The recent days have seen a great deal of criticism of Michael Schumacher’s move on Rubens Barrichello at the Hungarian Grand Prix. Mercedes’s Norbert Haug is trying to kill the story, saying that Michael has apologised and that the incident is now closed – but then he would say that, wouldn’t he? His job is keep Mercedes’s image shiny. Michael’s apology was, by all accounts, ordered in Stuttgart rather than being from the heart and a long string of top drivers of yesteryear have waded in with their comments.
“Schumacher has never been able to differentiate between hard racing and what’s beyond a reasonable line – and clearly he still can’t,” said Martin Brundle, once a Schumacher team-mate at Benetton.
“To endanger another competitor in such a way is totally unnecessary. I cannot understand why he does those things,” said triple World Champion Niki Lauda.
“It was one of the most blatant abuses of another driver that I have seen,” said Sir Jackie Stewart. “It is a terrible example from a man who has seven world titles – bully-boy tactics.”
“It was an idiotic manoeuvre that was extremely dangerous,” said Eddie Irvine, another former Schumacher team-mate. “It was incredible. He wasn’t thinking and it was just pure arrogance that he thought he could just drive another driver into the pit wall. He got punished, but I don’t think he got punished enough. He should have got a one race ban because it was one of the worst manoeuvres I’ve ever seen. He’s always done stuff like this and has intimidated people for a long time, but he got away with it because he was Michael Schumacher. He was ‘the’ Michael Schumacher, but this Michael Schumacher isn’t getting away with it.”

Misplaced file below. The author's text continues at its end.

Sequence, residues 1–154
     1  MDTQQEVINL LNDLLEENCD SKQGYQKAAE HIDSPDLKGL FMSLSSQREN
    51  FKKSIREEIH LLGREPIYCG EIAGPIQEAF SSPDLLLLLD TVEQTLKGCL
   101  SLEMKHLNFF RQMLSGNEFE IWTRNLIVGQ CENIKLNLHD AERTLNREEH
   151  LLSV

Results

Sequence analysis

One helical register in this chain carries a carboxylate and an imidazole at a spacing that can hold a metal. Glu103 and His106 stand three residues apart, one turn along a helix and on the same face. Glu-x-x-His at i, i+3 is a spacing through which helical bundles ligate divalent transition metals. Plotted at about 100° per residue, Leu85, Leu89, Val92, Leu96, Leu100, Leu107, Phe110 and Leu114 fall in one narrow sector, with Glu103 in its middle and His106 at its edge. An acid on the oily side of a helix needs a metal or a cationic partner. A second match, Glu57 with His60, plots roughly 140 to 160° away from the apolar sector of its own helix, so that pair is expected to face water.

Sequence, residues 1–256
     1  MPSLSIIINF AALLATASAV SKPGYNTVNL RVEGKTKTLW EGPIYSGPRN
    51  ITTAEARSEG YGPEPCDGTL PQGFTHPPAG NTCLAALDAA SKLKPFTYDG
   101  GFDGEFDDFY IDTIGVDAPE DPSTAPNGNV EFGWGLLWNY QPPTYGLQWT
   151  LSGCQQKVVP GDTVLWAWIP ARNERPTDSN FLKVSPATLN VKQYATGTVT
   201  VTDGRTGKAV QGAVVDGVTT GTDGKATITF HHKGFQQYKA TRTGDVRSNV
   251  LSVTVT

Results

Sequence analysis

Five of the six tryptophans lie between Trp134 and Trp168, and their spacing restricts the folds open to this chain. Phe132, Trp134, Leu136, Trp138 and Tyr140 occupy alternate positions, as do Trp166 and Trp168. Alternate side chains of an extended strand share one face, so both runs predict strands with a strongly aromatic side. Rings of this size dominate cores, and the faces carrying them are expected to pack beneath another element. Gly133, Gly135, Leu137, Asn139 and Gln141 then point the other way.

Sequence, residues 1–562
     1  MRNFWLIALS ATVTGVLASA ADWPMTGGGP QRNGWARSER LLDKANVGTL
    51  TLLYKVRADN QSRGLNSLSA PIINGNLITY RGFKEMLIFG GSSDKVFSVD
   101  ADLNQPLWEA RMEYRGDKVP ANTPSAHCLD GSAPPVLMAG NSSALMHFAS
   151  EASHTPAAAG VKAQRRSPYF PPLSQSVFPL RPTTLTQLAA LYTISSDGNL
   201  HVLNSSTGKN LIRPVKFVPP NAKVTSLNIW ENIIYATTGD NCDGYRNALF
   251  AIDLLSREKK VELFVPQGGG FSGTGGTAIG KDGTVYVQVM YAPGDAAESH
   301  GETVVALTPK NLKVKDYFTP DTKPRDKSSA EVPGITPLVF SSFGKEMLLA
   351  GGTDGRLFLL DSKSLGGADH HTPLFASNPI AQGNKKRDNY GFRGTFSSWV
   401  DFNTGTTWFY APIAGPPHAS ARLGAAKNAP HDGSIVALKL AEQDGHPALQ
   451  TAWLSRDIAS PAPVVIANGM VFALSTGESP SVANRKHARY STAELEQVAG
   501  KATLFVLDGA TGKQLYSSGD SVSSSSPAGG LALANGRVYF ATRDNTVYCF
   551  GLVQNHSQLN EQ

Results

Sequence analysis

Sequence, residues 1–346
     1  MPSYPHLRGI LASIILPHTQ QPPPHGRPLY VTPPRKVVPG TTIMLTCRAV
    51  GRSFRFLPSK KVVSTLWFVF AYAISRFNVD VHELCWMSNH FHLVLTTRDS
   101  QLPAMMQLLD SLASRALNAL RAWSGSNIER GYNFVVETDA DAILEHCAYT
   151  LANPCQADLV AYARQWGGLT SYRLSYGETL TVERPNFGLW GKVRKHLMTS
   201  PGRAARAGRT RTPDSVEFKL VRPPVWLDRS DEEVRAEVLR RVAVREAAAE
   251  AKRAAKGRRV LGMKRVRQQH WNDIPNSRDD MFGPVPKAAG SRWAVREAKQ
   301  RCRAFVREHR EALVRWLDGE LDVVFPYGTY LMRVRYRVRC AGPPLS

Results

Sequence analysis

“Michael went over the boundary of what is right,” said former F1 racer John Watson. “He knew what he was doing. I didn’t like what I saw. He’s a proud man and didn’t want to be overtaken but he reverted to an ugly animal instinct.”
“That could have been a horrible accident,” said David Coulthard. “He never knows when to give it up — and that might be the case now with his comeback.”
“He’s a seven-time world champion,” said Alexander Wurz. “He knew exactly what he was doing, he did it absolutely deliberately. A collision could have been fatal.”
“I still have shivers after watching that move,” said Ferrari test driver Marc Gene. “It was unnecessary and very dangerous.”